And... I will take a look at the language of our breakout sessions to make sure we are communicating clearly what each session will cover! Perhaps when the website goes live, the "summary" of each session will give a better idea of the content you'll find in the session.
Thanks again Dan! Look forward to seeing you at Inspire 2017! ~Paula
Terry -- Thanks for your thoughts! YES! We are hoping for lots of gathering for churches/leaders/volunteers to share stories. We have a few breakout sessions designed to ignite those conversations. However, we are hoping that ALL the sessions (no matter what the topic) ignite conversations with the attendees. We are praying for new relationships to be birthed, new partnerships to form, new ideas to bubble up, and LOTS of mutual support for ministries happening in very different areas. I hope you'll come and help spark those conversations. With 2000 attendees planned, we are not going to be able to BUILD those small groups, but we are creating time and space for them to pop up!
Conversation, energy, and the Spirit of God will be driving this event! We're anxious to see God at work! I hope you are planning to come and join in! In the meantime, please continue to pray -- for the attendees, the presenters/facilitators, and the continued planning. We all want to honor GOD at this event! ~Paula
Angela -- Love... that you are looking for this! We too, have thought this to be a vital part of Inspire 2017! Although we are not using a specific book to drive the sessions, we have a number of sessions planned for reminding us of our connection with God! We have a session on discernment of the Holy Spirit's call, one on healthy habits of connecting with God, and another planned to help folks find renewal with God when you are tired and worn. In addition, we will have a prayer room, a specific prayer walk, and lots of sticky spaces to have partners in ministry pour into each other WITH God!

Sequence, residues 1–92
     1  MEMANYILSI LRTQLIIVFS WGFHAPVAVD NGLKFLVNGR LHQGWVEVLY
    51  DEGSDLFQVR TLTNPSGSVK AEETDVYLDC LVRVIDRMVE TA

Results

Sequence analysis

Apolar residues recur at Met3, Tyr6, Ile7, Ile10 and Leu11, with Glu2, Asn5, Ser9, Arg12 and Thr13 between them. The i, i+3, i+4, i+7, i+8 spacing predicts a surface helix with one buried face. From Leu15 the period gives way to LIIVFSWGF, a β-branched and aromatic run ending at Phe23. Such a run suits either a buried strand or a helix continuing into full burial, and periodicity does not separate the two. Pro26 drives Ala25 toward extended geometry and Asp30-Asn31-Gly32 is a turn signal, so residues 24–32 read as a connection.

Thanks for your interest in conversations at Inspire 2017! Please continue to pray -- for the planning, for the presenters/facilitators, and for the attendees as they prepare to come! ~Paula
1 God is our refuge and strength,
an ever-present help in trouble.
2 Therefore we will not fear, though the earth give way
and the mountains fall into the heart of the sea,
3 though its waters roar and foam
and the mountains quake with their surging.
4 There is a river whose streams make glad the city of God,
the holy place where the Most High dwells.
5 God is within her, she will not fall;
God will help her at break of day.
6 Nations are in uproar, kingdoms fall;
he lifts his voice, the earth melts.
7 The Lord Almighty is with us;
the God of Jacob is our fortress.
8 Come and see what the Lord has done,
the desolations he has brought on the earth.
9 He makes wars cease
to the ends of the earth.
He breaks the bow and shatters the spear;
he burns the shields with fire.
10 He says, “Be still, and know that I am God;
I will be exalted among the nations,
I will be exalted in the earth.”
11 The Lord Almighty is with us;
the God of Jacob is our fortress.
I have a hard time picking just one or a few of the verses in this Psalm. I have been drawn to it all through 2016, and looking forward to 2017 it also gives me hope for the future. It is such a reassurance of God being beside us all the way - "an ever present help" - even when "nations are in uproar." The image of the "river whose streams make glad the city of God" is such a peace-giving image for me. It brings to mind the phrase "there is a balm in Gilead," and reminds me of God's healing power. And, of course, how good it is to "be still and know that [he is] God."